Impacted businesses advised to file claims with Con Edison or insurance

Office of Emergency Management Commissioner Joe Esposito speaks to building owners at a meeting held on Monday. (Photo by Maria Rocha-Buschel)

By Maria Rocha-Buschel

Flatiron businesses owners impacted by last week’s steam blast were told on Monday night that they may have some recourse for their losses in the form of insurance claims or claims with Con Edison.

Representatives from the utility, the Office of Emergency Management, the Department of Health, Small Business Services and the Department of Environmental Protection offered updates on the ongoing investigation and clean-up effort during a meeting at the Clinton School in Union Square on Monday night.

Joseph Esposito, the commissioner for the Office of Emergency Management, said that as of Monday night, 17 buildings had been cleared for reoccupancy and the OEM announced that 16 additional buildings had been cleared by Wednesday morning, with 12 still needing to be cleaned and checked before they can be reoccupied.

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If emergency strikes, head to this Union Square high school

The Clinton School replaces Baruch College as a local evacuation center. (Photo by Maria Rocha-Buschel)

By Maria Rocha-Buschel

The Clinton School at 10 East 15th Street has replaced the Baruch building on East 24th Street as the closest evacuation center for Gramercy residents for the 2017 coastal storm season, altering the location that has been in place for the neighborhood at least since Hurricane Irene in 2011.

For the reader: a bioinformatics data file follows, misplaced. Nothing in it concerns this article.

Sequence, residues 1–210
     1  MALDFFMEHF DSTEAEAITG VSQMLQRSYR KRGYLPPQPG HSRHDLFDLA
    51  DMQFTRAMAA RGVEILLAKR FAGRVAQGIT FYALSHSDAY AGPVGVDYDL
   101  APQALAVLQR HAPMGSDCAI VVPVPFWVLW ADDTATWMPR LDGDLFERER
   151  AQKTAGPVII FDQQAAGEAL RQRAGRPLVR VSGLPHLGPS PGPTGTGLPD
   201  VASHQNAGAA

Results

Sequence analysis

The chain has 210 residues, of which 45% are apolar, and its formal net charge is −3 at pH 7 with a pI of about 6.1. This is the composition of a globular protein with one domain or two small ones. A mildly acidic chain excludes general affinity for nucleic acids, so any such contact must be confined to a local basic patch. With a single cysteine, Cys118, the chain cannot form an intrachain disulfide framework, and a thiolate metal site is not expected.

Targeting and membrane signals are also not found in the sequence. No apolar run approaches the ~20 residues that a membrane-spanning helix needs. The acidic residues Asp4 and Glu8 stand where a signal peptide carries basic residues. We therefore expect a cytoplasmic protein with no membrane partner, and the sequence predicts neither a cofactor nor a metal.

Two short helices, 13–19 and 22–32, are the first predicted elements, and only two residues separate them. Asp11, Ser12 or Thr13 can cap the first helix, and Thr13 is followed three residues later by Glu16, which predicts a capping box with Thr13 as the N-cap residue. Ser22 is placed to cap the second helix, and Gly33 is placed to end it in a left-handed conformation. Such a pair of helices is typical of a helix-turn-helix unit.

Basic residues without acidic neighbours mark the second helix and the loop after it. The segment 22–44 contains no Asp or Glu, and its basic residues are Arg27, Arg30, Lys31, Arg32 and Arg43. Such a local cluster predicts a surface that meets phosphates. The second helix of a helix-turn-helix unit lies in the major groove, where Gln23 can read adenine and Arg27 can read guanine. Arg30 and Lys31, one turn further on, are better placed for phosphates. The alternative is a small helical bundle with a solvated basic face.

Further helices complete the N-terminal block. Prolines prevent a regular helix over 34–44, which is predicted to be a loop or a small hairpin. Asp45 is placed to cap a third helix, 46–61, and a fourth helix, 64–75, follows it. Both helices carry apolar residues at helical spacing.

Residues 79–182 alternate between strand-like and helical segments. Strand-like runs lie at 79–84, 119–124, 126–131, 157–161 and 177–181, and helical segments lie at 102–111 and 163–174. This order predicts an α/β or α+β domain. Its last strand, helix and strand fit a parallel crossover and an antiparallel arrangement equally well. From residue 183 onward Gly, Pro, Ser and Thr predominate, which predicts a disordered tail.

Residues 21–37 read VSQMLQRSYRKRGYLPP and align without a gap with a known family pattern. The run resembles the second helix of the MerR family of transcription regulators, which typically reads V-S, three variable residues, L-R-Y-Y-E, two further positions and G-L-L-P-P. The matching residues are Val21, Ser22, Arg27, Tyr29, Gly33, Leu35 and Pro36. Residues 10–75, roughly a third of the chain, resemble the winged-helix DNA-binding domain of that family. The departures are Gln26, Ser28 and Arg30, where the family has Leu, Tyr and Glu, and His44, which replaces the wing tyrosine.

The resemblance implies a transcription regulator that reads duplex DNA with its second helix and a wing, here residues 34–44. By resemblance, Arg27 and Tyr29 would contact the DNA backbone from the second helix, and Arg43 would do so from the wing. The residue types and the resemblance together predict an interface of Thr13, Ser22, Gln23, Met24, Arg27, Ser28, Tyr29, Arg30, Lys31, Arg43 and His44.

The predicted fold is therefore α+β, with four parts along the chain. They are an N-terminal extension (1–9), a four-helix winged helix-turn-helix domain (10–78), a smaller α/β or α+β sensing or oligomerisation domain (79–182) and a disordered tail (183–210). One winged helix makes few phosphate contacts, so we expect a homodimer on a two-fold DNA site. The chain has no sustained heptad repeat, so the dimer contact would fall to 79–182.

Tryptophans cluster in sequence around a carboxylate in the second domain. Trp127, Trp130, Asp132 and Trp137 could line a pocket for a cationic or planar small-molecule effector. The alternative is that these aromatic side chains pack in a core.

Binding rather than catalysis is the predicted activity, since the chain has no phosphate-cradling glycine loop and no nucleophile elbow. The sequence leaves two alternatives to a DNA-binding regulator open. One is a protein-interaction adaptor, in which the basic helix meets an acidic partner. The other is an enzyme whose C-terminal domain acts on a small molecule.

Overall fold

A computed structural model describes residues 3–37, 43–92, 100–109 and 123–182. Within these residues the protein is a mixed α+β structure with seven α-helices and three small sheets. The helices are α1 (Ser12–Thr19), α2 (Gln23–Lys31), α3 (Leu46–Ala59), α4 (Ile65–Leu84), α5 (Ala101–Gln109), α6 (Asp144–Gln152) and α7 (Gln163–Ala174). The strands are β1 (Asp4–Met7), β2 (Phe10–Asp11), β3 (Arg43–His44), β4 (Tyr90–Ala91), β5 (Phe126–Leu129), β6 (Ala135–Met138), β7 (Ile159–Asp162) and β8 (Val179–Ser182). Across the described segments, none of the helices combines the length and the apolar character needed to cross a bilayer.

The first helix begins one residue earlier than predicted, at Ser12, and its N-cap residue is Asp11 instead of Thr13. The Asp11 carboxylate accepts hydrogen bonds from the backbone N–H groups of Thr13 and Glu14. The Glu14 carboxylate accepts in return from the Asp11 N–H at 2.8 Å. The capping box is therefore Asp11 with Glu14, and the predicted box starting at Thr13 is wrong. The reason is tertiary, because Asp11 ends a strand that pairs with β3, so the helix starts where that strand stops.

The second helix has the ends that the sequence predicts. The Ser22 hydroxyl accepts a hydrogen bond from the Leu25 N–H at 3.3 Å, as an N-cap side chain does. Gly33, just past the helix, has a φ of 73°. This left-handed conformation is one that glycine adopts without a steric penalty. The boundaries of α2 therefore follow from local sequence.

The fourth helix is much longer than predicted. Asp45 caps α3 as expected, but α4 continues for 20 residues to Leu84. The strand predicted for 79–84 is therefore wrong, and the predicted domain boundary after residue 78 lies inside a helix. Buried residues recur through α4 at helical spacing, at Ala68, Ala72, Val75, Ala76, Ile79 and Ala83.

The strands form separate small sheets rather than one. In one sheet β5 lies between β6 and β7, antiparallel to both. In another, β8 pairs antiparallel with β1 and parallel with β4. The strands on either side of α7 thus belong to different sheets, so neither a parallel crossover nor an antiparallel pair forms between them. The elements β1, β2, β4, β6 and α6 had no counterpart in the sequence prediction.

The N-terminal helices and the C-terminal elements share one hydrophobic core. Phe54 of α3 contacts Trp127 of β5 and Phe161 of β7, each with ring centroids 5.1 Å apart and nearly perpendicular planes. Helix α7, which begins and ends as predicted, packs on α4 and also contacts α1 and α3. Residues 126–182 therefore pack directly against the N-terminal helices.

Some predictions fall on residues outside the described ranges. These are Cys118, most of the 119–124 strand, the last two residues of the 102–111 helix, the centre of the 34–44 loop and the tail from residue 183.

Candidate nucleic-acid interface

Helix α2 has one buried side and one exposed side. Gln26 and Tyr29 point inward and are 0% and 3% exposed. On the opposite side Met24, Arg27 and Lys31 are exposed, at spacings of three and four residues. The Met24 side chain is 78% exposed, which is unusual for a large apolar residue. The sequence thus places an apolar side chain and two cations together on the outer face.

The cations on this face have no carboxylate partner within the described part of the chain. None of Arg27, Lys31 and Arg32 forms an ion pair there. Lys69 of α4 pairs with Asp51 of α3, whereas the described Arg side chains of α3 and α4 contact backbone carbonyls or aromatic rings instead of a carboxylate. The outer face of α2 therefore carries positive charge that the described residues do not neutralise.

Office of Emergency Management (OEM) press secretary Nancy Silvestri said that the evacuation centers are reevaluated every year to make sure the facilities are prepared to operate in the event of a disaster, and the previous site was swapped out for the Clinton School after discussions with Baruch and the City University of New York (CUNY).

Silvestri noted that the OEM has partnered with CUNY in the past to designate university buildings as evacuation centers but some of those sites were swapped out this year for various reasons.

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No smoke on Ave. C, despite city warning

By Sabina Mollot

On Thursday, November 5, anyone signed up for the city Office of Emergency Management’s email alerts for things like scheduled fireworks, shots being fired, explosions or other things typically related to film shoots, got notice of a city exercise involving smoke at 23rd Street and Avenue C.

The “theatrical smoke,” the email explained, was to be part of an exercise to be conducted by the Office of the Chief Medical Examiner (OCME) between 1:30 and 2:30 p.m. However, like most city alerts, it came as the exercise was already set to be taking place.

By the time this reporter got over there, there was no sign of smoke and the staffers at the Solar One building at the FDR Drive and 23rd Street said they hadn’t seen any either.

We reached out to a spokesperson for OCME, who confirmed that the exercise did in deed happen, but the smoke was contained. The rep, Julie Bowlsor, explained that the alert was sent out in the event anyone did happen to see smoke. “That way they would know there’s no cause for alarm,” she said. She added that the exercise may have taken place in the general area of the aforementioned location rather than 23rd Street exactly.

Had the smoke actually been visible, it would have made an interesting visual for the hundreds of kids who were piling into the riverfront by Solar One at that time. The kids were students from the nearby United Nations International School, which was conducting a fire drill.

Upon hearing this, Bowlsor said, “We’re sorry it was not as theatrical as promised.”